Take the 2-minute tour ×
Stack Overflow is a question and answer site for professional and enthusiast programmers. It's 100% free, no registration required.

I'm writing a predicate to find all possible successor states for an iteration of A* and put them in a list like [(cost, state), ...] , which stands at this at the moment:

addSuccessors(L, [], _).
addSuccessors(L, [X|T], OrigList) :- memb(OrigList, Index, X),
                                     add((X, Index), L, List2),
                                     addSuccessors(List2, T, OrigList).
addSuccessors(L, [X|[]], OrigList) :- memb(OrigList, Index, X),
                                     add((X, Index), L, L2),
                                     addSuccessors(L2, [], OrigList).

Add adds something to the end of a list, memb gets the (index)th element of a list. I know they work, and when I look at L2 in the bottom predicate I get something like this

?- addSuccessors(X, [1500, 3670], [0, 0, 0, 1500, 3670]).
X = [] ;
[ (1500, 3), (3670, 4)]
X = [] ;
X = [_G1175] ;
[_G1175, (1500, 3), (3670, 4)]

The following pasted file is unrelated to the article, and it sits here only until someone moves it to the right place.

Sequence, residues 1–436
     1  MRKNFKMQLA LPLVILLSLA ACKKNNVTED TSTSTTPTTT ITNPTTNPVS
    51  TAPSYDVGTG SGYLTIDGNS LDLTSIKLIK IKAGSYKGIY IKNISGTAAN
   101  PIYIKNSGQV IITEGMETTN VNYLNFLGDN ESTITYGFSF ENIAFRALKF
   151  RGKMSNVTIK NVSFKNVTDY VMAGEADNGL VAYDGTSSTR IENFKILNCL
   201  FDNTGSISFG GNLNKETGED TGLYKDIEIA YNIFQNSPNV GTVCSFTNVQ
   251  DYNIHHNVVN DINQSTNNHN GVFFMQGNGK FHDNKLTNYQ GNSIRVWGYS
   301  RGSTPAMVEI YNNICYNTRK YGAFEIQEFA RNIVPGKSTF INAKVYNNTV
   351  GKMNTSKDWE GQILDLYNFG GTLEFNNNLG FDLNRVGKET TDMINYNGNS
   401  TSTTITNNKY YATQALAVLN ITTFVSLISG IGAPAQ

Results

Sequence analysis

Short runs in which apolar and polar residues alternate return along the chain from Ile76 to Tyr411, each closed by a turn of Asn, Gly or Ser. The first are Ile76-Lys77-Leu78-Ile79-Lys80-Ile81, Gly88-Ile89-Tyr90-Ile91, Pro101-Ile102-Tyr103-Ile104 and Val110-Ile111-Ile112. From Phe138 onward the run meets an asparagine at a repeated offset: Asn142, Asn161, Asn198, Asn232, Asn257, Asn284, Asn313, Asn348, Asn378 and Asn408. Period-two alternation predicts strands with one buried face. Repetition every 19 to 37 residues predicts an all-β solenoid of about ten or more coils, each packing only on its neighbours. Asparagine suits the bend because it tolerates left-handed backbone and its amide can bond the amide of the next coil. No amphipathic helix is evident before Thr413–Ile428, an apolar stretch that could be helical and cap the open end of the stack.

X = [_G1175] ;
X = [_G1175, _G1181] ;
[_G1175, _G1181, (1500, 3), (3670, 4)]
X = [_G1175, _G1181] ;
...

Which is very frustrating because the [(1500, 3), (3670, 4)] list is what I want X to be after I call it so it looks to be doing what I want just not... where I want.

Please, how can I fix this?

share|improve this question

2 Answers 2

It's been awhile since I programmed in Prolog, but I think you need to separate the list that you are building up from the list that you return (i.e., add another parameter). Your rule for [X|[]] should bind the output variable and not recurse.

share|improve this answer

Think about how L actually gets it's initial value. Well the thing is it doesn't. What you're trying to do is build up a list from scratch, so you need to start with an empty list, not an unbound variable. One way to solve this is to write a wrapper predicate which allows your current predicate to act as an accumulator predicate.

This might look something like this, where addSuccessors_acc will contain the clauses that you have already defined.

addSuccessors(L, X, Y) :-
    addSuccessors_acc(L,[],X,Y).

The idea is that the second argument to the addSuccessors_acc predicate acts as your accumulator, which is the list that is being built up with each recursive call. Then in the base case of the accumulator predicate you just need to unify the accumulator variable with the first argument, to pass along the final list. eg:

 addSuccessors_acc(L,L,_,_).

Also, as ergosys points out, your third clause can actually be the base case. Since you are dealing with the last element in the list there is no need to recurse - all that is doing is delaying the base case one extra call onwards.

share|improve this answer

Your Answer

 
discard

By posting your answer, you agree to the privacy policy and terms of service.